>> else's dime. I like to create, innovate, invent and get paid for it. That
>> lets me provide a better life for my family.
>>
>>   *Robert Simmons Jr. MSc. - Lead Java Architect @ EA*
>>  *Author of: Hardcore Java (2003) and Maintainable Java (2012)*
>>  *LinkedIn: **http://www.linkedin.com/pub/robert-simmons/40/852/a39
>> <http://www.linkedin.com/pub/robert-simmons/40/852/a39>*
>>
>>
>> On Thu, Feb 13, 2014 at 12:22 PM, John Kemp <> wrote:
>>
>>> On 02/13/2014 11:44 AM, kraythe . wrote:
>>>
>>>> Cant agree with you John.
>>>>
>>>
>>> That's fine :)
>>>
>>>
>>> In an organization you cant simply do what you
>>>> want and shrug.
>>>> If I tried that in any of the big organizations i have
>>>> been involved with my optimal case is being fired.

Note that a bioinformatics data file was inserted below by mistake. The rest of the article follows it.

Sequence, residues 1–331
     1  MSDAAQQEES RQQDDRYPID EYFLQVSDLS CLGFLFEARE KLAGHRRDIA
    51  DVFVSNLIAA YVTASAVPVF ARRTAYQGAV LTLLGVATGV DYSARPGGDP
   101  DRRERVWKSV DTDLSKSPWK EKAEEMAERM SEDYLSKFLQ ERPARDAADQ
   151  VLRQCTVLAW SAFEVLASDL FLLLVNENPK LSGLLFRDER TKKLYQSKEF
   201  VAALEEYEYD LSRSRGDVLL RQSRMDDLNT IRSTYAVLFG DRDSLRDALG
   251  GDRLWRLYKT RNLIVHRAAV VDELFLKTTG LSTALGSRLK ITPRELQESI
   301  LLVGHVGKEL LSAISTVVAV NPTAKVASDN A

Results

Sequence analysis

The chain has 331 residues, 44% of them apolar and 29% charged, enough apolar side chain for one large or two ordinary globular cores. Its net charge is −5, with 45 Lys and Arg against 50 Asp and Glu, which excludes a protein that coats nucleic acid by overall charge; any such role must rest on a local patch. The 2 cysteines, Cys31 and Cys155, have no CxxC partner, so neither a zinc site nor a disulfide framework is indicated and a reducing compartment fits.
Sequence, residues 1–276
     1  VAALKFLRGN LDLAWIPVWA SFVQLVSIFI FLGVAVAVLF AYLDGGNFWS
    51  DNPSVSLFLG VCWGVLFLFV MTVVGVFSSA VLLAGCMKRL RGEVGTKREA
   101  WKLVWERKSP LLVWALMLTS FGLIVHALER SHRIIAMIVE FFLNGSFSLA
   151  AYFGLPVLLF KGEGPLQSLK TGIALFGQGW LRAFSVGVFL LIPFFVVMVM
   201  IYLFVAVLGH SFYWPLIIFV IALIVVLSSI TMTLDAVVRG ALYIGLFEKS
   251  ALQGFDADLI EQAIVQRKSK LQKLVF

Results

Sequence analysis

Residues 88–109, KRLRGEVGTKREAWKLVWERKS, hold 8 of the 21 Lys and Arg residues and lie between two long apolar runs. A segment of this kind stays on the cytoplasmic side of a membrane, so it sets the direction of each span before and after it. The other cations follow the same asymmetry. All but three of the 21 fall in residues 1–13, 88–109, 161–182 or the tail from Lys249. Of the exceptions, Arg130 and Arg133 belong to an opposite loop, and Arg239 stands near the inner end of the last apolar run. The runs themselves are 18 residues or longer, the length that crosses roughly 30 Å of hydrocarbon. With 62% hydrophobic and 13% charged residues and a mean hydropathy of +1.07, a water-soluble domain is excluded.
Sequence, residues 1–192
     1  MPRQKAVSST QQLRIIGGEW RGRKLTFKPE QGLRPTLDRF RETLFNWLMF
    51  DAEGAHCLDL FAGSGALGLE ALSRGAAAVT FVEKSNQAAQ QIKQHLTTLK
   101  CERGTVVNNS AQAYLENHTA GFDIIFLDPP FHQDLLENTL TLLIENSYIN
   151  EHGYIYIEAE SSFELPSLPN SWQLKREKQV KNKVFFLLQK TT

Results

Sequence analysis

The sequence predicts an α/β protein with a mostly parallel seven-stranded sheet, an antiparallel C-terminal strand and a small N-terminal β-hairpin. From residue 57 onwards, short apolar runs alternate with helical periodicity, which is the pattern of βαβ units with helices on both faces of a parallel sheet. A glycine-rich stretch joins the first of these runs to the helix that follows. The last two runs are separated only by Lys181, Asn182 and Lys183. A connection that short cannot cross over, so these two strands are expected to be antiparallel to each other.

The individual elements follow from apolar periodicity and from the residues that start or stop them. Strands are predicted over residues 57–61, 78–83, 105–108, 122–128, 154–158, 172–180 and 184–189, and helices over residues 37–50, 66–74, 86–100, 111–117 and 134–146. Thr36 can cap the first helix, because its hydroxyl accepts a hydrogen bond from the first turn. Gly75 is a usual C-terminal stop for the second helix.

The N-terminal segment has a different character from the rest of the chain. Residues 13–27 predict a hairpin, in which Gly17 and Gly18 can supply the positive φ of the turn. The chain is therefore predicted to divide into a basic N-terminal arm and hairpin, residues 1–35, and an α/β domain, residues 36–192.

>>>>
>>>
>>> If I need to "convince" someone about the tech I want to use then I
>>> either wouldn't use that tech and would use what they wanted instead, or I
>>> would quit.
>>>
>>> It's absolutely the case that if you are driven by "social context" (by
>>> that I mean, roughly, "other people's concerns") alone, you won't choose
>>> Erlang.
>>>
>>> Although I would often choose Erlang for myself, I would often choose
>>> another language if I had a programmer of that language to work with, and a
>>> tight deadline.
>>>
>>> In my opinion, professional software developers should choose the best
>>> tool for the job -- and the job often includes more than the problem at
>>> hand, true. I like to make satisfied customers.
>>>
>>>
>>>  Perhaps if you own
>>>> the company you can. But then that relegates Erlang to niche. Makes the
>>>> old timers feel pretty superior
>>>>
>>>
>>> As I've said, you can *choose* whatever language you like, and barring
>>> the edge cases, you'll be able to build a workable, relatively scalable
>>> solution.
>>>
>>>
>>> but is a horrible waste of what appears
>>>> to me to be a very useful language. Also if you go that tact there is no
>>>> more point of arguing Erlang vs Scala or vs any language anymore. Erlang
>>>> will become like Smalltalk. Useful and cool for the old timers but